• Cacao is high in antioxidants. It blocks harmful free radicals in the body. It also protects the body against premature diseases and premature aging;
  • Cacao has good amount of vitamin C and magnesium, which helps in protecting the skin and keeping it healthy;
  • Cacao contains omega 6 fatty acids, which helps in cellular healing. It also heals wounds and scars quickly;
  • Cacao has a raw enzyme which helps in repairing the cell and its rejuvenation; and
  • With super absorbent properties, cacao protects the skin from harmful UV rays and acts as a natural sunscreen.

My client, glowing and radiant after her spa treatment, said this about her cacao honey facial:

“With traveling [from Michigan] and the change in climate [to tropical Belize], my face broke out all over my cheeks and felt very irritating. Parama gave me a cleansing facial that was made of organic cacao, honey, coconut oil, and copal essential oils. She gently massaged my face, applied the all-natural face mask, and then gave me a full-body Swedish massage while the face mask nourished and soothed my skin. After the session, my face felt so much better: It glowed and felt soft and smooth. My skin was completely cleared up by the next day.”

Well, there you have it, my Belize-bound, beach-going beauties!

If you feel so inspired, here are some videos to help you get started with your own edible cacao honey facial … (But … be forewarned: You will smell like chocolate cake, so if you have a dog or a boyfriend or a husband, they will want to eat you!)… Enjoy!

Moringa marries a banana in Belize

beach blissMy friends and family know I’ve always been a finicky eater. My mom told me that when I was little, I annoyed her because I used to play with my food… a lot.

What’s wrong with playing with your food?

Isn’t food meant to be fun?

Well, nothing’s changed. I still play with my food… a lot. I like to experiment. I like to invent my own meals. It still annoys people. (“What are you making?”)

I’ve been house sitting at my friends’ beachside bungalow in Belize, a tiny country just south of Mexico with white sand beaches, tropical jungles, waterfalls, caves, monkeys, … and … more beaches. I normally prefer to howl with the monkeys in the jungle while painting my face with streaks of mud, but for the next few months it looks like I’m beach-bound, here beside the Caribbean Sea. (I know, I’m so bummed out, right?)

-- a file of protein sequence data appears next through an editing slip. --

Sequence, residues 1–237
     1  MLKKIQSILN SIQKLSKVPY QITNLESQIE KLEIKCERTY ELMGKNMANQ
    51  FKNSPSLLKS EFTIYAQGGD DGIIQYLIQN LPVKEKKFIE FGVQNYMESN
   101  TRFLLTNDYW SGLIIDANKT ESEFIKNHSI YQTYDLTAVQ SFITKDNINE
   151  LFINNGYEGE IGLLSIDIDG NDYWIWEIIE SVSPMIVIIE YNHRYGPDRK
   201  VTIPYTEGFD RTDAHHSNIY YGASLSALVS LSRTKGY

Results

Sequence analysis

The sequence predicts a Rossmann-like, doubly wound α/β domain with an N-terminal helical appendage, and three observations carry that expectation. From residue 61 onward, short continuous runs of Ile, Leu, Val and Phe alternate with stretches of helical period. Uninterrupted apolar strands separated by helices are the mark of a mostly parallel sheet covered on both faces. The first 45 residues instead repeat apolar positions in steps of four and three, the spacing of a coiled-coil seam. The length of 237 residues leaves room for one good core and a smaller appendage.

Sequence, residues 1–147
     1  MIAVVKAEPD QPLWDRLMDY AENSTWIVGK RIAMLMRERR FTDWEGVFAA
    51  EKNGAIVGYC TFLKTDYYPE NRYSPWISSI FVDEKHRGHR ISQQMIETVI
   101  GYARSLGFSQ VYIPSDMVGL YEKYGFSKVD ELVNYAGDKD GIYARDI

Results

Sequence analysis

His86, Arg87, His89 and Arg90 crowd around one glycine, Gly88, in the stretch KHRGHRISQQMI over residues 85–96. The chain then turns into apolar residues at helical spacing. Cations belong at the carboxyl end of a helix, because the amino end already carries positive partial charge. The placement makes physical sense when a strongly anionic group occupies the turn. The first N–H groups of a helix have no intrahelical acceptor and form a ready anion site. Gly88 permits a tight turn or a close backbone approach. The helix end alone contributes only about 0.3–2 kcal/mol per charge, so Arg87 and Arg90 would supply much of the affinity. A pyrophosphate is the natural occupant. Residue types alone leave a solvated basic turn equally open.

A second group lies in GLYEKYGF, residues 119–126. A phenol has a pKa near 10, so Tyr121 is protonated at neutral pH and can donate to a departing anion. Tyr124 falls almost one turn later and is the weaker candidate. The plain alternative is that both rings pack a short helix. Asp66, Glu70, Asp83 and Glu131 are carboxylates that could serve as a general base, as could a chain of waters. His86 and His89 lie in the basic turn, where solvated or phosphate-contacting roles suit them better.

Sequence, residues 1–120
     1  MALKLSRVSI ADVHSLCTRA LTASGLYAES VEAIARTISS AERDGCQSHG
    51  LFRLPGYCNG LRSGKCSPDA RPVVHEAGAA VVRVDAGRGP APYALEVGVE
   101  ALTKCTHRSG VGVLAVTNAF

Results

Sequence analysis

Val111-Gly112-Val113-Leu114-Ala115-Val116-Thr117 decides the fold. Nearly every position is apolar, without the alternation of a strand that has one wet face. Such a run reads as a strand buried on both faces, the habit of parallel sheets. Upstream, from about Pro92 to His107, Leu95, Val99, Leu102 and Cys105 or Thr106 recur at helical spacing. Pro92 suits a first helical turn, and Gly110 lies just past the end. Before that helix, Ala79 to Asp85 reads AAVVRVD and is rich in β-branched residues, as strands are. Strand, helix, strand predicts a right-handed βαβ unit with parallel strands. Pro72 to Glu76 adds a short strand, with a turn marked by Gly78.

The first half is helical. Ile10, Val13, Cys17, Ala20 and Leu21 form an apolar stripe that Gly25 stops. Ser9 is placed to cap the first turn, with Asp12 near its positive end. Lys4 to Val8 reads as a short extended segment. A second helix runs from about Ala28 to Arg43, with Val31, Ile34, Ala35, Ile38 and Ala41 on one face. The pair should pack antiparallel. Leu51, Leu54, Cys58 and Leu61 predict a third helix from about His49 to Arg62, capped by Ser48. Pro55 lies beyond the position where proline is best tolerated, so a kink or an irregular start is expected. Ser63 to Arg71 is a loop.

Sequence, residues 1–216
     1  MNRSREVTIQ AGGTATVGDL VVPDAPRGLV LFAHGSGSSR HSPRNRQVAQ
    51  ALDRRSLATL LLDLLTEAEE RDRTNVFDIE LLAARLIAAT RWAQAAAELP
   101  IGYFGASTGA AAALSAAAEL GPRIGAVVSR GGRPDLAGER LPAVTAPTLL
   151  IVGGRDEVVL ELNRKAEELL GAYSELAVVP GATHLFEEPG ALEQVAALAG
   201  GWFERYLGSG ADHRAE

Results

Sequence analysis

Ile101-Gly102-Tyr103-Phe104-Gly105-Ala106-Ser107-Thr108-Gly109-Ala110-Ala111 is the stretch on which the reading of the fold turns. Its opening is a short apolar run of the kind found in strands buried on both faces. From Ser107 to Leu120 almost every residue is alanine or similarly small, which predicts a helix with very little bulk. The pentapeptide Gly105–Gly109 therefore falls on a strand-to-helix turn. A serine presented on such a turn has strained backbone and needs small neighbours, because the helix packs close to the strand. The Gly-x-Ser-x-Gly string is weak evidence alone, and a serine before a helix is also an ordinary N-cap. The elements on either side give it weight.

So, this morning, a little bird flew into the window of my bungalow with a tweet (a message, folks) and told me to write about what I’m having for breakfast.

First, I had to finish my daily morning yoga routine.

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Get your bliss on, baby.

Then, I made my way into the kitchen to inspect the cupboards and see what I could whip up. I found ….

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Well, … I’ve tried over a hundred times to eat all these tantalizing, commercialized cakes, pies, and doughnuts from the grocery store, but my body rebels, no matter how much I want it to cooperate with my taste buds’ flights of fancy. One bite of anything that contains wheat will send my digestive system into disarray. It gets ugly.

I engorged myself on wheat products my entire childhood, growing up in an Italian family where my Nonna and Papi (Italian grandparents) always made delicious home cooked meals (Grazie!) with plenty of pasta, fresh-baked bread, cookies, and more … pasta. (“Don’t you want more pasta? … Here, have some more!”) So, like most Americans, I acquiesced to the family’s mealtime traditions… until I discovered in my adult years that I was, like most Americans, allergic to gluten.

Yes, that most dastardly, nefarious ingredient. Gluten – it’s in all wheat products. It’s evil, I tell you, … evil.

I’ve joined the growing ranks of the health-conscious “gluten free” army, and we’re rising up, folks … Look out, we’re adamant and unyielding, and we’re proud of it.

So, … Lucky Charms? Not for breakfast. Maybe in my dreams. Well, maybe … in another life … if, say, i’m really super stressed out and don’t have any time to make anything because that person keeps instant messaging and i have to answer and i just want to numb out because of that stupid thing that stupid person said and i just can’t relax so i’m going to sit and have some cereal…..